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Texas Service Sector Activity Flattens Out

Texas Service Sector Outlook Survey

December 1, 2020

Texas Service Sector Activity Flattens Out

What’s New This Month

For this month’s survey, Texas business executives were asked supplemental questions on the impact of COVID-19. Results for these questions from the Texas Manufacturing Outlook Survey, Texas Service Sector Outlook Survey and Texas Retail Outlook Survey have been released together. Read the special questions results.

Activity in the Texas service sector remained mostly flat in November, according to business executives responding to the Texas Service Sector Outlook Survey. The revenue index, a key measure of state service sector conditions, fell from 7.1 in October to -0.7 in November, indicating little net change in activity compared with last month.

Labor market indicators signaled a plateauing of employment and slower growth in hours worked. The employment index was mostly unchanged at 0.9, while the part-time employment index rose slightly to -0.4. Meanwhile, the hours worked index dipped from 5.5 to 2.6.

Perceptions of broader business conditions point to a reversal of the optimism seen in previous months. The general business activity index plunged nearly 16 points to -2.6, its first negative reading since July. The company outlook index declined from 7.8 to -0.8, with nearly 20 percent of respondents noting that their outlook worsened compared with last month. The outlook uncertainty index surged from 5.8 to 17.4.

Price pressures were mixed in November, while wage pressures increased. The wages and benefits index rose from 8.6 to 11.2—its highest value since February. The selling prices index was largely unchanged at 3.3, while the input prices index inched up from 18.4 to 20.7.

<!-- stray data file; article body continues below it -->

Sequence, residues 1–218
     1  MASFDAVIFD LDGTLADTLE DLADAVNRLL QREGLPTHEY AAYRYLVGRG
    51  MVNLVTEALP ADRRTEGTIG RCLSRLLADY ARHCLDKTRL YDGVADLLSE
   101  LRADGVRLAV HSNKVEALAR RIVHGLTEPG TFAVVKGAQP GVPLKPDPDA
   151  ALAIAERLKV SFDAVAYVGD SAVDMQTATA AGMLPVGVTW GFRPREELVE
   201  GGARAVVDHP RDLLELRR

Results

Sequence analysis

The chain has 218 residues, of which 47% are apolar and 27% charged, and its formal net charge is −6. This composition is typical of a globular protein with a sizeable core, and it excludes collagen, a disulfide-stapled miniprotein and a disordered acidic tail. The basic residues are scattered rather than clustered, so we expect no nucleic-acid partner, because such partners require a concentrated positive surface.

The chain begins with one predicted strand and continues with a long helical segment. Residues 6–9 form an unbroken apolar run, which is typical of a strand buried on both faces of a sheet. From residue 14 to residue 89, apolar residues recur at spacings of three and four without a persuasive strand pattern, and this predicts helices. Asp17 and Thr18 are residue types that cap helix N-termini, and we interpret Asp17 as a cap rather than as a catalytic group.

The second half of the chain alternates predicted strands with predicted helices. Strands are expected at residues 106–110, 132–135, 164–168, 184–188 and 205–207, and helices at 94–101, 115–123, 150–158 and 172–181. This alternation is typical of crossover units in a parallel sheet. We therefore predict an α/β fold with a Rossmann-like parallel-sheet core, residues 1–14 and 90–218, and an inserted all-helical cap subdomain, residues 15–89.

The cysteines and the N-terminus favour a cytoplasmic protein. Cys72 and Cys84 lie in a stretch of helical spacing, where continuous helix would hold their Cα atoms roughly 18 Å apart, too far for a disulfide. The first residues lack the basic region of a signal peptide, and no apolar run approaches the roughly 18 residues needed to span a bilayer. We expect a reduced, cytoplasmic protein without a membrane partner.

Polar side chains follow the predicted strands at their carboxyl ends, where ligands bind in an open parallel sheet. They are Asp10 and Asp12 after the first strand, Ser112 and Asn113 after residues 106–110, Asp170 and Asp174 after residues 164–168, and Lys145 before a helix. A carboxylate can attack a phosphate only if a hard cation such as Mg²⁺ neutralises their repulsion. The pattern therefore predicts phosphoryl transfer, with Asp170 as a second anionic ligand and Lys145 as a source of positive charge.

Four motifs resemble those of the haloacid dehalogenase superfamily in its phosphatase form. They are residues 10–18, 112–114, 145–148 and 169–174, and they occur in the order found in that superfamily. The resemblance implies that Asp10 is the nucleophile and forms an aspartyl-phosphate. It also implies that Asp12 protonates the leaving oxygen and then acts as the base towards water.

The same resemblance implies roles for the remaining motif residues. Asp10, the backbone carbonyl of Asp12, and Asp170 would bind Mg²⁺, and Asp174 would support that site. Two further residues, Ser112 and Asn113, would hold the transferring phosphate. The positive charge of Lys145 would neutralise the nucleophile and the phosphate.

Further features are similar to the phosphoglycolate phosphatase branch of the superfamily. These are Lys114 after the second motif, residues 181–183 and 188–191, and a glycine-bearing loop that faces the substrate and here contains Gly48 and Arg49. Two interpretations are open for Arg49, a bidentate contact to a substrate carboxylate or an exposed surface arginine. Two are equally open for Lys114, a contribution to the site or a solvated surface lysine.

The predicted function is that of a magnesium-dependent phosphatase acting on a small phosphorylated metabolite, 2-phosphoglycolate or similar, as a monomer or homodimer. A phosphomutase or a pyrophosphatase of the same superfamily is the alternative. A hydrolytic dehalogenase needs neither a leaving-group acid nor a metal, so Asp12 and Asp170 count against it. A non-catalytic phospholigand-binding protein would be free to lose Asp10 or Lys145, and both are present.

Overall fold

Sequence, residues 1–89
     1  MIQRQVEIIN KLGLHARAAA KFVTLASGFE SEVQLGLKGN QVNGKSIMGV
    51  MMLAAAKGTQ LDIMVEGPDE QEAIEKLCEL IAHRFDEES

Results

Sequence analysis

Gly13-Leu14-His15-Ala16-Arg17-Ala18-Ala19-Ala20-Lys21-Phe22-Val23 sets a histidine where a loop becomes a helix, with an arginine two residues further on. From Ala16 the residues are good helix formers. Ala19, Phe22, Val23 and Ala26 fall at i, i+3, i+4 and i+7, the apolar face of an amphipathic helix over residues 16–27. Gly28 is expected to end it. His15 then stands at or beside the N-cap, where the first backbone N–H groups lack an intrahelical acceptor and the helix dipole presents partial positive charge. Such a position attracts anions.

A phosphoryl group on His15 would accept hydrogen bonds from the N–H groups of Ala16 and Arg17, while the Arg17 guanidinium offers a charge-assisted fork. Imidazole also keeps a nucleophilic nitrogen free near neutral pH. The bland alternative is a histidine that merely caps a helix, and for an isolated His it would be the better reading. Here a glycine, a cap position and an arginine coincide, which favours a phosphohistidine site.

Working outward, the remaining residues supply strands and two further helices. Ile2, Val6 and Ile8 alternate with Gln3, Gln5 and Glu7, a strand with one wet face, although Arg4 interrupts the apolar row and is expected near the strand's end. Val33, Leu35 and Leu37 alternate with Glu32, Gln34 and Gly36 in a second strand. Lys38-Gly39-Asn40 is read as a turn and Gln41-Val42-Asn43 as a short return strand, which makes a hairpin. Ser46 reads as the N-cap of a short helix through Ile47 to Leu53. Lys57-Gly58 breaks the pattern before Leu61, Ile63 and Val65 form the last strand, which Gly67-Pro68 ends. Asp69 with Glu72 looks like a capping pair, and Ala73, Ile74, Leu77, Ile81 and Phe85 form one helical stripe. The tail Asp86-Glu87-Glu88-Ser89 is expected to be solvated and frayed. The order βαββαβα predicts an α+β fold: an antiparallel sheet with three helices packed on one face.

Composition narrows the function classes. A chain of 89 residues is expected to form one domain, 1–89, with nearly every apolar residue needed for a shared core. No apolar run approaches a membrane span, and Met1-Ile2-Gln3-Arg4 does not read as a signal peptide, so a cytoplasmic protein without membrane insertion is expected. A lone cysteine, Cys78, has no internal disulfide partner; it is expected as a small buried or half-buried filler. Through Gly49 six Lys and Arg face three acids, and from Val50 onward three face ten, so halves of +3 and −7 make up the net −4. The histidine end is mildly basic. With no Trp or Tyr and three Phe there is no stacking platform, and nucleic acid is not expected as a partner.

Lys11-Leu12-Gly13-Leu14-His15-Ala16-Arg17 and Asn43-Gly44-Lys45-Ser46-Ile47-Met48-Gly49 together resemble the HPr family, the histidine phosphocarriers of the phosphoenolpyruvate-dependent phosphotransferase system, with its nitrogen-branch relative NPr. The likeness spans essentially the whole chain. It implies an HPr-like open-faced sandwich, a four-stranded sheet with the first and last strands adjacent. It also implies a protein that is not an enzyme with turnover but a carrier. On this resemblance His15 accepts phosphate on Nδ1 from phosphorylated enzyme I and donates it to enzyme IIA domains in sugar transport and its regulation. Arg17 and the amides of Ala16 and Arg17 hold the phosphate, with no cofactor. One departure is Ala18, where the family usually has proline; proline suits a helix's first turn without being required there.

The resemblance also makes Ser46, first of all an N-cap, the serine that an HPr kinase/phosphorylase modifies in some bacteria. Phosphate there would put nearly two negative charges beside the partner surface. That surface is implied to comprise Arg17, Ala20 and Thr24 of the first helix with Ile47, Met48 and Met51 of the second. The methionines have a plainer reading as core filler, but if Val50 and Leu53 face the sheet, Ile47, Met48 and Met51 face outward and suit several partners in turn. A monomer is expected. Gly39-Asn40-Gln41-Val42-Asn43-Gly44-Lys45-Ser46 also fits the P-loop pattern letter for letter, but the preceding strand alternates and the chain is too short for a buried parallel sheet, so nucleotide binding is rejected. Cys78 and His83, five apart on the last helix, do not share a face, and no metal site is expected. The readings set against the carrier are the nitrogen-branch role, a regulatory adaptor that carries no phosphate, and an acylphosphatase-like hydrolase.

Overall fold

Respondents’ expectations regarding future business activity were slightly less optimistic compared with last month. The future general business activity index dipped four points to 16.1, while the future revenue index fell about two points to 34.4. Other indexes of future service sector activity such as employment remained solidly positive, suggesting expectations of increased activity in early 2021.

Texas Retail Outlook Survey

December 1, 2020

Texas Retail Sales Decline

Retail sales activity fell in November after posting two consecutive months of robust growth, according to business executives responding to the Texas Retail Outlook Survey. The sales index, a key measure of state retail activity, fell from 5.2 to -6.5, with one-third of respondents noting declining sales compared with October. Inventories continued to increase, with the inventories index ticking up from 1.9 to 3.0.

Retail labor market indicators showed continued weakness in November, with continuing declines in employment and shortening of average workweek length. The employment index remained in negative territory, roughly unchanged at -2.4, and the part-time index added two points but remained contractionary at -2.0. The hours worked index increased but was also negative, rising from -4.8 to -2.1.

Retailers’ perceptions of broader business conditions turned negative in November. The general business activity index slumped nearly 19 points to -4.2, while the company outlook index fell nearly 15 points to -0.1. The outlook uncertainty index surged from -2.0 to 18.4, its highest reading since April.

Retail wage pressures eased, while price pressures were mixed compared with last month. The wages and benefits index declined from 11.4 to 6.6, while the selling prices index shed over five points to 13.9. The input prices index moved up from 18.7 to 20.3, with nearly 30 percent of respondents reporting rising prices.

Despite current weakness, retailers’ perceptions of future activity continued to reflect optimism. The future general business activity index slipped from 21.4 in October to 19.0 in November, while the future sales index increased nearly three points to 29.0. Other indexes of future retail activity such as employment pushed further into positive territory, pointing to continued expectations of growth in 2021.

The Texas Retail Outlook Survey is a component of the Texas Service Sector Outlook Survey that uses information only from respondents in the retail and wholesale sectors.

Next release: December 29, 2020

Data were collected November 16–24, and 240 Texas service sector and 51 retail sector business executives responded to the survey. The Dallas Fed conducts the Texas Service Sector Outlook Survey monthly to obtain a timely assessment of the state’s service sector activity. Firms are asked whether revenue, employment, prices, general business activity and other indicators increased, decreased or remained unchanged over the previous month.